On yer bike: BSA S23 500

FMM curator Wayne Harley is a self-confessed motorcycle enthusiast and this month we describe one of his favourite old machines…

BSA – the Birmingham Small Arms Company – first started producing motorcycles in 1906, becoming the largest producer of motorcycles in Britain, and during 1911, 1912 and 1913 the company’s entire production was sold out. At its peak after the war, BSA (which also owned Triumph) was the largest motorcycle producer in the world. But in the late 1950s and early 1960s, poor management and failure to develop new products in the motorcycle division led to a dramatic decline of sales to its major USA market, and management had failed to appreciate the importance of the resurgent Japanese motorcycle industry,. A government-organised rescue operation in 1973 led to the takeover of BSA motorcycles operations by Norton-Villiers, later known as Norton Villiers Triumph. When Norton Villiers Triumph was liquidated in 1978, its rights to the brand were purchased by B.S.A. Company.

However, back in its heyday, bikes like this 1923 S23 500 cm3 were one of the reasons that BSA became such a powerful manufacturer. I must admit I’m a little biased when it comes to this bike, maybe just because it sounds different and it pulls so differently from the many other similar bikes I’ve ridden. It has a really good gearbox with nicely-spaced gearing: first, second and third flowing neatly into each other, allowing the torquey 500 whizz you along effortlessly. Compared with the other vintage bikes we have featured in past newsletters, this S23 really does feel quicker than the rest, yet it is strange that BSA never truly got into motorcycle racing in the early years like many others did. Only much later did they start competing.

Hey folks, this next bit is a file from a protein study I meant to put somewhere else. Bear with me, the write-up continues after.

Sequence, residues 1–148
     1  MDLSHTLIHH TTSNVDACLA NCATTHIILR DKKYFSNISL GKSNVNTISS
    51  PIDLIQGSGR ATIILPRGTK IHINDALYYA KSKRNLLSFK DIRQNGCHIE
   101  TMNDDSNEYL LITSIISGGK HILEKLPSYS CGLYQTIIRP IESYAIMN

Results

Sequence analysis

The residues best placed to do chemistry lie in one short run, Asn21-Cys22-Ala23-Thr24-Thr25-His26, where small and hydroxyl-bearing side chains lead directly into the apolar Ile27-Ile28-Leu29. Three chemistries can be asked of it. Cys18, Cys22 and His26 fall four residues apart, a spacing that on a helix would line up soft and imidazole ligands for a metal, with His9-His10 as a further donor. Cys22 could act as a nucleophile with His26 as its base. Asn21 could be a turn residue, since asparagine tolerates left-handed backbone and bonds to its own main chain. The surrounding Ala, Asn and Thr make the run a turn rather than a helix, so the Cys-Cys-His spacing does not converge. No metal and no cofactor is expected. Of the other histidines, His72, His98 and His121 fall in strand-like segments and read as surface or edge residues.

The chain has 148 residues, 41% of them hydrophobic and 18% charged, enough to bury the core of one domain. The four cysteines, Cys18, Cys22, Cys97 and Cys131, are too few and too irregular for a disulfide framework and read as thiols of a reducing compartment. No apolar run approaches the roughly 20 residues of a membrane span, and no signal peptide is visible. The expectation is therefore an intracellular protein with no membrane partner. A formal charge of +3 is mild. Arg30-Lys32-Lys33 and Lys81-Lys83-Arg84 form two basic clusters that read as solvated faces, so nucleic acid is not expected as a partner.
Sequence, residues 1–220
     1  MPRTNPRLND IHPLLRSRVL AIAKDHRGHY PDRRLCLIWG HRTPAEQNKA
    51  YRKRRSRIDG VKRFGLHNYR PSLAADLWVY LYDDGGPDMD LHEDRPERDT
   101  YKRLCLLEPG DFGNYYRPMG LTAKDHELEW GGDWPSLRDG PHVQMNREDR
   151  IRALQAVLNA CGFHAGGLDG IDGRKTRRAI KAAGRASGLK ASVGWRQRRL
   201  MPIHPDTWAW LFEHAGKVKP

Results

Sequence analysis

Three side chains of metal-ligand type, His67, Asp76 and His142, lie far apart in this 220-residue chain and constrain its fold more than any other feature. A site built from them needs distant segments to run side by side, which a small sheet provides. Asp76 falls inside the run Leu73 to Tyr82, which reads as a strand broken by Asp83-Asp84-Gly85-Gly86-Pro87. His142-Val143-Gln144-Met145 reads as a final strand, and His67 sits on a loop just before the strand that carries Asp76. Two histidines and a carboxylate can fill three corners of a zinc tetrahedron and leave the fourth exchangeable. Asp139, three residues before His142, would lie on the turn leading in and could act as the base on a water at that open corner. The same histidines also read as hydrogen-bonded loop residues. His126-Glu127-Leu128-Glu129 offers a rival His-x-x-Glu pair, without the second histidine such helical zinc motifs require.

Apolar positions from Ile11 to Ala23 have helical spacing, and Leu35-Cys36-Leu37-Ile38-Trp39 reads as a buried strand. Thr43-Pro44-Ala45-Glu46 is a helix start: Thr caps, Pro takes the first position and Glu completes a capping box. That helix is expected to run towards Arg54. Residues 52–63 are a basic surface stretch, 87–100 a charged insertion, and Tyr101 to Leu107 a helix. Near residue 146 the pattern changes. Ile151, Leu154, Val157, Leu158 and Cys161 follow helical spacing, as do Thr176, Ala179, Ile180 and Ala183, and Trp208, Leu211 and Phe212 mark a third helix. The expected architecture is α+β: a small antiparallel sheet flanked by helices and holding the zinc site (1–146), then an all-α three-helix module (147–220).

So what’s it like to ride? This 3,5 hp bike feels a lot more powerful and as I said earlier, there is a sweet gearbox and a nice torque delivery. The riding position is like the rival Sunbeam’s – you find yourself leaning slightly forward. The handlebars are not too wide like some other older bikes, and classically swept backwards making the motorcycle easy to control. With a good sprung saddle and not-too-firm front suspension, this motorcycle handles better than most classics I’ve ridden. With a slightly more advanced oiling system than last month’s AJS, and a drip glass indicator, you can relax a little with regards the lubrication. But the rider still remains rather busy with the tank-mounted gear lever, throttle lever, manual spark advance and the occasional necessary pump on the oiler.

It is said that even though these S23s were very reliable, they are rather sparse today as guys tended to ride them until there was almost nothing left. FMM’s machine is remarkably well preserved and a valuable member of the two-wheeled fleet.